The defendant is pursuing a personal grievance that his dismissal was unjustifiable and is seeking permanent reinstatement. That claim is now before the Employment Relations Authority. The defendant also sought interim reinstatement which the Authority granted in a determination dated 26 July 2010. 1 Interim reinstatement was granted in the form of “garden leave” meaning that the plaintiffwas obliged to employ and pay the defendant but was not obliged to offer him work. The plaintiff challenges that determination and the matter has proceeded before me today by way of a hearing de novo.
Before turning to the merits of the matter it is important to clarify the relationships between those involved. Aircraft flown in New Zealand under the Pacific Blue brand are operated by Pacific Blue Airlines NZ Ltd. Aircrew on those aircraft are employed by Pacific Blue Employment and Crewing Ltd, the plaintiff in this proceeding. The plaintiff is a wholly owned subsidiary of Pacific Blue Airlines NZ Ltd. The evidence suggests that the business of the two companies is intermingled with day to day operation of the plaintiff being carried out by staff of Pacific Blue Airlines NZ Ltd. In particular it appears that the defendant was dismissed by a manager of Pacific Blue Airlines NZ Ltd.
The parties have filed comprehensive affidavits accompanied by voluminous exhibits. I have considered all of that material but it is unnecessary to make detailed reference to it in the course of this decision.
The principles by which applications for interim reinstatement are to be decided are settled and well known, they may be summarised in four questions:
a) Is there an arguable case?
b) Is there an adequate alternative remedy available?
c) Where does the balance of convenience lie?
d) What does the overall justice of the case require?
The large majority of evidence in the affidavits relates to events leading up to and culminating in the defendant's dismissal. Not unexpectedly, those involved have differing perceptions of many of the events and the parties draw differing conclusions about the meaning and significance of documents. As none of the evidence has been tested by cross-examination, I cannot resolve those differences and do not attempt to do so.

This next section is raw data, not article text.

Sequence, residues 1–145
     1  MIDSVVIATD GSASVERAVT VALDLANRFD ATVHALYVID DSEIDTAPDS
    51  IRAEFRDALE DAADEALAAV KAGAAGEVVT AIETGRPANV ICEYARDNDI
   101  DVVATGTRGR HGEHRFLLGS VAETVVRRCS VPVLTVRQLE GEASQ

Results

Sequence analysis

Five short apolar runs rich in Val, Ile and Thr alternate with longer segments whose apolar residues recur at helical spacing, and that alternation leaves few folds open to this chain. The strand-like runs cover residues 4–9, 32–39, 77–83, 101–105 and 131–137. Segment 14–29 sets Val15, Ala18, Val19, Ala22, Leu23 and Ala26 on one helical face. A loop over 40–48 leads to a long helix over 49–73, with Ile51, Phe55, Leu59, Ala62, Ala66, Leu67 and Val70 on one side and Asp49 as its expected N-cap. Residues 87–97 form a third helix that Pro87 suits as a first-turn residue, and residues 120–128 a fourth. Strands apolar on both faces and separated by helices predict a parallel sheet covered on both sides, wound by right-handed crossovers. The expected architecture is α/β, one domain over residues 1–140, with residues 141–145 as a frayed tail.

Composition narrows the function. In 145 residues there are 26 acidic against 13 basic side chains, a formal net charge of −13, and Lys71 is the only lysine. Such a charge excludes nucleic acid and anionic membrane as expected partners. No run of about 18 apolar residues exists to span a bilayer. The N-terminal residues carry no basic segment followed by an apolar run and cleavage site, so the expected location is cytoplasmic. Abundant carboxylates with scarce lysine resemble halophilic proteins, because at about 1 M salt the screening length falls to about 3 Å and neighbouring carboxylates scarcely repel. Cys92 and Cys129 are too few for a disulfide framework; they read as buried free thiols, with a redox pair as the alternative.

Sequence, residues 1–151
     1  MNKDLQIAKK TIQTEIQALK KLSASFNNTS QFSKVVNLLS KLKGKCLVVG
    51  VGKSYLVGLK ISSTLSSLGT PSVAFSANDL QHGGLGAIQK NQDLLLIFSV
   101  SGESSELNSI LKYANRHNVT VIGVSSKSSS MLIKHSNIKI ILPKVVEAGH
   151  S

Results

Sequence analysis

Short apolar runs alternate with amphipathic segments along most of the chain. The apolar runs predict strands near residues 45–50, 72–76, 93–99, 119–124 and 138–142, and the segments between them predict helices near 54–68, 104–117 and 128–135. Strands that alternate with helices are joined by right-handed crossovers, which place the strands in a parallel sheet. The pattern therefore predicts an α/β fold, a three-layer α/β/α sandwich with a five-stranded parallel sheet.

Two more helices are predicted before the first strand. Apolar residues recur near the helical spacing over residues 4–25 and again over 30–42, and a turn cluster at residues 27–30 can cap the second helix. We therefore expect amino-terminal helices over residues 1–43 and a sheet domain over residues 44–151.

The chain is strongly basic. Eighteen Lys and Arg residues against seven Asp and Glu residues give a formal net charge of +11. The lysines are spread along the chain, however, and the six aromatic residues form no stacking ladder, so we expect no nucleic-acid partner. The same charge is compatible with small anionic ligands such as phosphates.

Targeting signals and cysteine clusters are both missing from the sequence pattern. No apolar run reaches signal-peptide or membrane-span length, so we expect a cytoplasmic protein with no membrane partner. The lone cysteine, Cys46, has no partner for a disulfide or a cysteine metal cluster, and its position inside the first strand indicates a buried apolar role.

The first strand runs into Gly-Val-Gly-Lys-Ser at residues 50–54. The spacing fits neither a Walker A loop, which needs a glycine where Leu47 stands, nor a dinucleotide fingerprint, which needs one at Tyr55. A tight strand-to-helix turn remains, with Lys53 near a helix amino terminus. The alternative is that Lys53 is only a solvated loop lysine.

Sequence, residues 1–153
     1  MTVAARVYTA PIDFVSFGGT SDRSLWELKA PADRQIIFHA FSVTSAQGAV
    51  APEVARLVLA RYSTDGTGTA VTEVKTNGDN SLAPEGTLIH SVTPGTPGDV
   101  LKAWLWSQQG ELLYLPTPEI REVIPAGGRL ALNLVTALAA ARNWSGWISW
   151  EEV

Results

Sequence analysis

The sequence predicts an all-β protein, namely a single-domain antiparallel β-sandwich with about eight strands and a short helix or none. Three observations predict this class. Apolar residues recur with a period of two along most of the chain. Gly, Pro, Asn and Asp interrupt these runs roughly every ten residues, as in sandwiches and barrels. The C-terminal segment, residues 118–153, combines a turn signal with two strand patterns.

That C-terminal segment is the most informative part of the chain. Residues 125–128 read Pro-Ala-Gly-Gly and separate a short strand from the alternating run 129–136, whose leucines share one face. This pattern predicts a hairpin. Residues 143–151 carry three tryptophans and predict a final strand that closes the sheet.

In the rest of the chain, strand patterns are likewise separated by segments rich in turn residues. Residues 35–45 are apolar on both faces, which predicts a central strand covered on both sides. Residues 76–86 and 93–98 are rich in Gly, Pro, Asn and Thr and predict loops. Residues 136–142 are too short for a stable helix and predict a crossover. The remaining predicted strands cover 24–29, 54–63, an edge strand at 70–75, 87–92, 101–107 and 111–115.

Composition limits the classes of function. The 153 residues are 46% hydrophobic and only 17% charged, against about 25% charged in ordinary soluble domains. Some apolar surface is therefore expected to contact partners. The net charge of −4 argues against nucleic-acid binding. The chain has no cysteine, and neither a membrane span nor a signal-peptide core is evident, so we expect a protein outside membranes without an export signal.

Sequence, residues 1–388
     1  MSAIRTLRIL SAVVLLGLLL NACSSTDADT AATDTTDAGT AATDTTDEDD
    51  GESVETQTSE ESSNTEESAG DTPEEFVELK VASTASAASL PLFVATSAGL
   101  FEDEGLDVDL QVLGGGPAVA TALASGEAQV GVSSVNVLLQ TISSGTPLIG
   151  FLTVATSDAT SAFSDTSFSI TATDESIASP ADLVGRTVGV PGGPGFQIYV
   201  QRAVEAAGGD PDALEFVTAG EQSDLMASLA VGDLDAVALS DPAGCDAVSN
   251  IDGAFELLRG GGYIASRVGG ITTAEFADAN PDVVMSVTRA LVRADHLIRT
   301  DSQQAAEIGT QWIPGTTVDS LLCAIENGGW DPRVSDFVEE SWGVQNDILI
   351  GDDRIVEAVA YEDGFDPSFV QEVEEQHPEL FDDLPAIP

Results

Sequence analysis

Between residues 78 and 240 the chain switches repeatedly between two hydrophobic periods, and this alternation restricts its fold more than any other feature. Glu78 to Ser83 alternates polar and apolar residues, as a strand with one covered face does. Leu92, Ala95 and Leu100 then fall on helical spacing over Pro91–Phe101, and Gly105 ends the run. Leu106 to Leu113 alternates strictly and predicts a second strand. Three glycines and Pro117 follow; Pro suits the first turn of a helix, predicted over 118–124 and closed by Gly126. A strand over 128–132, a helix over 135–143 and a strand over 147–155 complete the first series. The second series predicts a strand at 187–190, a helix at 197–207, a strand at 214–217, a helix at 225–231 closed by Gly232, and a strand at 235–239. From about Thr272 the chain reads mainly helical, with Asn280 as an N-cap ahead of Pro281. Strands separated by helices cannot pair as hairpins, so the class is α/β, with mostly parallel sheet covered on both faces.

What is clear is that since January 2009 there have been a series of events involving the defendant which the plaintiff says have given cause for concern about the defendant's conduct and his fitness to work as a pilot for Pacific Blue. The plaintiff has investigated each of these events to a greater or lesser extent and responded in various ways. In February 2009 the plaintiff took no action. In April 2009 the plaintiff accepted an offer by the defendant to undergo random drug and alcohol testing. In October 2009, the plaintiff issued the defendant with a final warning. The defendant was also suspended continuously from 19 June 2009 until he was dismissed on 25 May 2010.
In respect of each of these events, the plaintiff says that its actions were what a fair and reasonable employer would have done and were therefore justifiable. The defendant challenges the propriety of the plaintiff's actions, both in relation to process and outcome of particular investigations and also the totality of the plaintiff's conduct. Having considered all of the material in the affidavits and having regard to the submission of counsel, I am satisfied that the defendant has an arguable case of unjustifiable dismissal.
For the defendant, Mr McGinn invites me to go further and conclude that the defendant has a strongly arguable case which is very likely to succeed in a substantive hearing. That submission is based very largely on the proposition that, in deciding to dismiss the defendant in May 2010, the plaintiff relied on previous events which had already been dealt with, either by condoning them or by the final warning issued in October 2009. Mr McGinn relies on the decision in 2 and in particular, what Chief Judge Goddard said at p429 of the report:
It is well established that an employer who discovers misconduct committed by its employee, yet overlooks that conduct and continues the employee's employment, must be taken to have affirmed the employment and cannot subsequently dismiss the employee in reliance on that...